Tests For The Heart

What Is an Echocardiogram? An echocardiogram is a painless test that uses sound waves to evaluate the structure and function of the heart.

Stress Echocardiogram. This procedure is used to see how the heart muscle contracts during rest and during exercise. A STRESS ECHO is made up of three parts: a resting echo study, a stress test, and a repeat echo while the heart is beating fast.

Treadmill Stress Test This procedure is used to determine cardiac electrical activity, blood pressure, and symptoms before, during, and after exercise. Prior to exercising, the physician/nurse practitioner will determine how high your heart rate needs to be increased in order to get the desired information

Nuclear Stress Test This procedure is used to determine if you have an adequate blood supply to the different areas of your heart. In the morning, you will undergo a treadmill stress test with Thallium, a nuclear isotope that allows cardiac imaging. Patients who are unable to exercise will be given an injection of Persantine, a drug that will produce maximal heart rate with a minimal amount of exertion.

Holtor Monitors A holter monitor is a 24 hour heart monitor. It records your heart beat while you are doing everything you would normally do during the day and is able to record when you are more likely to experience symptoms.

Electrocardiagram Your heart puts out electrical signals with each beat. An electrocardiogram, or EKG, is a way of measuring these signals and therefore monitoring your heart's activity.

Cardiac catheterization. The passage of a catheter (a thin flexible tube) into the right or left side of the heart to obtain diagnostic information about the heart or its vessels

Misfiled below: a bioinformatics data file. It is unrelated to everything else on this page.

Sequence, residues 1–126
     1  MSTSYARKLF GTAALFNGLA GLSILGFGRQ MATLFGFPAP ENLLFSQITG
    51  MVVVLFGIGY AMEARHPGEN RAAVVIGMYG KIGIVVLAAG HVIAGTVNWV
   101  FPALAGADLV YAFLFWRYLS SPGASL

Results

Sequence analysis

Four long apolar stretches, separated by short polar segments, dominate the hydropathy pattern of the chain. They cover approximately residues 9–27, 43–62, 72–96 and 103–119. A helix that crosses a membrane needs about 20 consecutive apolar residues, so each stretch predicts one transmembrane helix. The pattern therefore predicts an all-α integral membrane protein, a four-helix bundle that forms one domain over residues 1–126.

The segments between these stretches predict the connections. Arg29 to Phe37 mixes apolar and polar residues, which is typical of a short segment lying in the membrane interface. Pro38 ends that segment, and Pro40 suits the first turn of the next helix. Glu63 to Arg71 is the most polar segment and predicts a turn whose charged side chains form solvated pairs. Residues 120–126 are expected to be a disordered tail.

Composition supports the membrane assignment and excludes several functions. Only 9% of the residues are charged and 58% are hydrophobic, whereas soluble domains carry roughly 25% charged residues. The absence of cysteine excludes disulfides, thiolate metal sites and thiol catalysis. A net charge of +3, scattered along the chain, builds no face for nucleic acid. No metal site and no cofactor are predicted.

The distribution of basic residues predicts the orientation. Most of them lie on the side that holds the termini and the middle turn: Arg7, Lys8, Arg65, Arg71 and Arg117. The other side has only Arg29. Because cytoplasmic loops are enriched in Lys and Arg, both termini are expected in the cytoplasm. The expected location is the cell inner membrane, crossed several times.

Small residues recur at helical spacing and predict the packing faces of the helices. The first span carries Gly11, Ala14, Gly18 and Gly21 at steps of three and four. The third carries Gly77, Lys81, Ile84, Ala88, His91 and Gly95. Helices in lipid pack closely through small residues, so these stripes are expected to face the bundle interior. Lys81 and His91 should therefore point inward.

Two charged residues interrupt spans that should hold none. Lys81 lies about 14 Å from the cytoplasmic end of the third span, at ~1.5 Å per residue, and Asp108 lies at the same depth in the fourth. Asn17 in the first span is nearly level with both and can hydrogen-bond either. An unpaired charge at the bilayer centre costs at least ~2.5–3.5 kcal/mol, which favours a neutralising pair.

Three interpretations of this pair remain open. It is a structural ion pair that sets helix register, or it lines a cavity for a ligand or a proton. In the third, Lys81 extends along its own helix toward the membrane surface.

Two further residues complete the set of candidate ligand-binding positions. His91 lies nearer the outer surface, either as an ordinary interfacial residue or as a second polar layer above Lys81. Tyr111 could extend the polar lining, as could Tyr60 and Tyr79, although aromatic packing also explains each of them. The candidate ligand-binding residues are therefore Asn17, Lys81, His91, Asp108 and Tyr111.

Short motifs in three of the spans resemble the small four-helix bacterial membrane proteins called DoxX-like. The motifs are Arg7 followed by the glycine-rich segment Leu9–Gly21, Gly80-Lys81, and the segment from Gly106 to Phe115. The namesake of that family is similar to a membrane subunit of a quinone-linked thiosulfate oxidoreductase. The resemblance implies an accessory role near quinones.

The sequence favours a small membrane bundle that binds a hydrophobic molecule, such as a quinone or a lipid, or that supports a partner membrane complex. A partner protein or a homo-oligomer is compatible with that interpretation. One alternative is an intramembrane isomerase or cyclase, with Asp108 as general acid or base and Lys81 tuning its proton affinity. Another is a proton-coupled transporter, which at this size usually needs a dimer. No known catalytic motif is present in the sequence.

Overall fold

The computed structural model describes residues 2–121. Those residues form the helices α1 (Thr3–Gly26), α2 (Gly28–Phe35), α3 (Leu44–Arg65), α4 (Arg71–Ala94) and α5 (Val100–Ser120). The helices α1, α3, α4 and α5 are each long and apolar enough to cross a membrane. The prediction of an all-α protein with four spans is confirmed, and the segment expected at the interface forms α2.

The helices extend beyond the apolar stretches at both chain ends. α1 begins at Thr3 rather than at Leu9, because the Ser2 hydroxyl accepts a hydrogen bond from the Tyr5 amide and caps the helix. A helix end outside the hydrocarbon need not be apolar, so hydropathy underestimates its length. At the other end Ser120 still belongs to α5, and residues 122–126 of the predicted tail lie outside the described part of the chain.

TEE - Transesophageal Echocardiogram A transesophageal echocardiogram (TEE) is a special ultrasound or sound-wave imaging test of the heart

Stress MUGA Scan An exercise MUGA is a test that measures how strong the heart is pumping at rest and during exercise. Ordinarily, when a person exercises the heart responds by pumping out more blood with each beat.

Electrophysiology Study ..EP.. Your doctor can better assess your arrhythmia through the use of a specialized test called an electrophysiology study. Your doctor can then determine medications or treatments appropriate for you.

Catheter Ablation Due to your arrhythmia (abnormal rhythm), your doctor is considering a catheter ablation. Catheter ablation is a non-surgical technique used to eliminate alternate pathways present in the heart that interfere with the normal conduction and cause arrhythmias (abnormal heartbeats).

Pacemakers Pacemakers have been successfully implanted since the early 1950's, and millions of people have benefitted from their use. Advancements in technology have improved pacemaker electronic circuitry, decreased their size and weight, and extended the length of battery life

Implantable Cardioverter Defibrillator Your doctor has determined that you are at risk for serious arrhythmias or abnormal heart rhythm which may lead to sudden cardiac death, and has recommended that you may receive an implantable cardioverter defibrillator (ICD). Sudden cardiac death (SCD) claims approximately 450,000 lives in the U.S. each year. Since the early 1980s, thousands of people at risk for SCD have received ICDs.

Diagnostic Tests and Procedures For more information on diagnostics and tests please go here.

Please note: We are not medical doctors nor are we in the healthcare field! should not be misconstrued as medical advice. ONLY your doctor can prescribe what is best for you. Whatever you read here, or at any website

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LeeJRoush@msn.com
Last Modified on Oct. 10, 2001

Thanks to Cardiac Consultants for the use of there information for this material.